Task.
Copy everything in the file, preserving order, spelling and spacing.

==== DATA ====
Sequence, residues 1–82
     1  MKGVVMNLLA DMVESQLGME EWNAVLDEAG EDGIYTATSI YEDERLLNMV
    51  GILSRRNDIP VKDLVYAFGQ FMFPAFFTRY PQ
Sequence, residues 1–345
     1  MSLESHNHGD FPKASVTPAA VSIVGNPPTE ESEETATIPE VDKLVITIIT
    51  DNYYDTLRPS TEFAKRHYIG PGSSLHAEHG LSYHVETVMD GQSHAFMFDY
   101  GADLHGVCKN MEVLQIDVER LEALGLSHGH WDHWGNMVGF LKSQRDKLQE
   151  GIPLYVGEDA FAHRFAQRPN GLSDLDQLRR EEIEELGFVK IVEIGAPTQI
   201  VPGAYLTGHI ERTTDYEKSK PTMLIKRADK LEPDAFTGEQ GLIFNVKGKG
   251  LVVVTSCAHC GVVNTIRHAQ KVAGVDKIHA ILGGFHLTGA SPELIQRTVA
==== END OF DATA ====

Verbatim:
Sequence, residues 1–82
     1  MKGVVMNLLA DMVESQLGME EWNAVLDEAG EDGIYTATSI YEDERLLNMV
    51  GILSRRNDIP VKDLVYAFGQ FMFPAFFTRY PQ
Sequence, residues 1–345
     1  MSLESHNHGD FPKASVTPAA VSIVGNPPTE ESEETATIPE VDKLVITIIT
    51  DNYYDTLRPS TEFAKRHYIG PGSSLHAEHG LSYHVETVMD GQSHAFMFDY
   101  GADLHGVCKN MEVLQIDVER LEALGLSHGH WDHWGNMVGF LKSQRDKLQE
   151  GIPLYVGEDA FAHRFAQRPN GLSDLDQLRR EEIEELGFVK IVEIGAPTQI
   201  VPGAYLTGHI ERTTDYEKSK PTMLIKRADK LEPDAFTGEQ GLIFNVKGKG
   251  LVVVTSCAHC GVVNTIRHAQ KVAGVDKIHA ILGGFHLTGA SPELIQRTVA